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New peptide may reduce the risk of diabetes complications

Jan Nilsson and Filiz Serifler in the lab photo Petra Olsson
Jan Nilsson's research group has identified a substance that stimulates the repair capacity and growth of vascular cells. Biomedical analyst Filiz Serifler has contributed to the project. Photo: Petra Olsson

Heart attack and stroke are common complications of diabetes, as the body's ability to repair and form vessels is impaired. Researchers at Lund University have developed a new substance with the capacity to stimulate vascular repair response and the formation of vessels.

In diabetes, the body's ability to repair vascular damage caused by the disease is impaired, which can lead to complications such as heart attack and stroke. Another common complication of diabetes is chronic ulcers in feet and legs, and a reason for this is that the body's ability to form new vessels is impaired.
Previous research has shown that the protein osteopontin plays an important role in wound healing in animals. An international team of researchers led by Lund University has modified this protein and created a new substance named FOL-026. A new study published in the journal Pharmacological Research shows that FOL-026 stimulates the repair capacity of vascular cells and the formation of new vessels.


Our results are exciting and may be of particular importance to people with diabetes


Complications of diabetes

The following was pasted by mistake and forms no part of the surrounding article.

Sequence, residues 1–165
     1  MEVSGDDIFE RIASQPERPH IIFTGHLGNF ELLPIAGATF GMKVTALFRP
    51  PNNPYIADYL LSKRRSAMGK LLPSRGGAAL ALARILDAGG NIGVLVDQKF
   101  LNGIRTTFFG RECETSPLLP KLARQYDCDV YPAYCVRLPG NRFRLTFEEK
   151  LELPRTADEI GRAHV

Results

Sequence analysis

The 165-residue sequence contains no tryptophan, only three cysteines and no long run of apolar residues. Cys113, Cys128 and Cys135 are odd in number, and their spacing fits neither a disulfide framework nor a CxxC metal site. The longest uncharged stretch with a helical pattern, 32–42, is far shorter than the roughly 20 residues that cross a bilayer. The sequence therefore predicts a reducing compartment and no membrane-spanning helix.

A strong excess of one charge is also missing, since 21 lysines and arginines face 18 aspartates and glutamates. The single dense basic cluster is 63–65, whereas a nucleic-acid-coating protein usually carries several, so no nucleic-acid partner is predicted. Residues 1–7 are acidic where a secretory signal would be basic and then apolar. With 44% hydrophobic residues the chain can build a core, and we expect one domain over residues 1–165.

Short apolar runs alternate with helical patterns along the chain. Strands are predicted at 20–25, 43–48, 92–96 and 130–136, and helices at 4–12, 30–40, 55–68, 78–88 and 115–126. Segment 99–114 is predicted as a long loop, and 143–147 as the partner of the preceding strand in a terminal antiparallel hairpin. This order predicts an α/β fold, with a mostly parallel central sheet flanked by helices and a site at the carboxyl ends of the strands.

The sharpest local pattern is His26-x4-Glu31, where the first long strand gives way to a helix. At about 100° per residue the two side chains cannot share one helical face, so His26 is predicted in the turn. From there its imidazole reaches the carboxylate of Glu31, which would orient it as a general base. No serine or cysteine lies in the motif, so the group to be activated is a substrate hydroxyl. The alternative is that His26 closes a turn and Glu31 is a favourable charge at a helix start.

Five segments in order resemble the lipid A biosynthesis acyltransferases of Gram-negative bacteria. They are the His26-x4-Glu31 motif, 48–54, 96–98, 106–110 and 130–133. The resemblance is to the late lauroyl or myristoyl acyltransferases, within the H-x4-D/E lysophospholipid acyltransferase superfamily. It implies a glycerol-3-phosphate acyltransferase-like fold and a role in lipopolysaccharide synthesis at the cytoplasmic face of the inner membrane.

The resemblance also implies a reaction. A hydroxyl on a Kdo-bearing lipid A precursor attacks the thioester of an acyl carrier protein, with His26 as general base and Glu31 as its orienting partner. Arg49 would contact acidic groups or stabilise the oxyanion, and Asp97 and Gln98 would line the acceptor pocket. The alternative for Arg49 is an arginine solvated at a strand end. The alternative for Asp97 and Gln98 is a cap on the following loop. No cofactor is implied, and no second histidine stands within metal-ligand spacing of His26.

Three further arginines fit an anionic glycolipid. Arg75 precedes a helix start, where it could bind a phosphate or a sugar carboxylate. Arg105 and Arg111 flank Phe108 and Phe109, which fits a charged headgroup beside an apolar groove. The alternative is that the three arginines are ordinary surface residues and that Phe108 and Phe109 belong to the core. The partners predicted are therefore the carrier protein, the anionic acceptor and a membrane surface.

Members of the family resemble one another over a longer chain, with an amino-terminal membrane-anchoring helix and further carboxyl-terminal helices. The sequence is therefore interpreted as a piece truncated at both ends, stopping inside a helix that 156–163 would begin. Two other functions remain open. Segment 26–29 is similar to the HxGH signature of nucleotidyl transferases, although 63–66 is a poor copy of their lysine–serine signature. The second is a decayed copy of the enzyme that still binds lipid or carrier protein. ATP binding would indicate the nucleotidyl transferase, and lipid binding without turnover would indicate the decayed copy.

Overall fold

The researchers investigated the effect of the peptide on human vascular cells and found that exposure to FOL-026 increased cell growth. Further studies in mice showed that FOL-026 stimulated the growth of new vessels and that the substance binds to a receptor responsible for forming and repairing vessels in the human body.
– Our results are exciting and may be of particular importance to people with diabetes. A reduced ability to repair damaged vessels increases the risk of developing a heart attack or stroke, which are common complications of diabetes. We hope that we will be able to develop a drug that can reduce the risk of developing a heart attack or stroke in people with diabetes," says Jan Nilsson, senior professor of experimental cardiovascular research at Lund University Diabetes Centre, who led the study.

Collaboration with company

The researchers will now investigate how the substance affects insulin secretion and blood sugar levels in mice with diabetes. Long term, the goal is to develop a drug for people with diabetes that can lower blood sugar levels and stimulate insulin secretion, while also protecting the body against complications in the heart and blood vessels. The research is developed in close collaboration between Lund University Diabetes Centre and the company Coegin Pharma in Lund.
– This is a good example of what we can achieve by collaborating with pharmaceutical companies. Collaborations with companies help create conditions for experimental research to develop into treatments that can benefit patients, says Jan Nilsson, who is also a scientific advisor at Coegin Pharma.


Identification of an osteopontin-derived peptide that binds neuropilin-1 and activates vascular repair responses and angiogenesis
Pharmacological Research, July 2024

Novo Nordisk Foundation, Swedish Research Council, Swedish Heart and Lung Foundation, Royal Physiographic Society in Lund, Coegin Pharma, Vinnova, National Natural Science Foundation of China, Shanghai Sailing Program. The study has been conducted within LUDC-IRC, a research collaboration supported by the Swedish Foundation for Strategic Research. 

Declaration of interests
Jan Nilsson and Anna Hultgårdh at Lund University carry out consultancy assignments for Coegin Pharma. Jan Nilsson and Anna Hultgårdh have a patent issued to Coegin Pharma and Anna Hultgårdh has a patent pending to Coegin Pharma.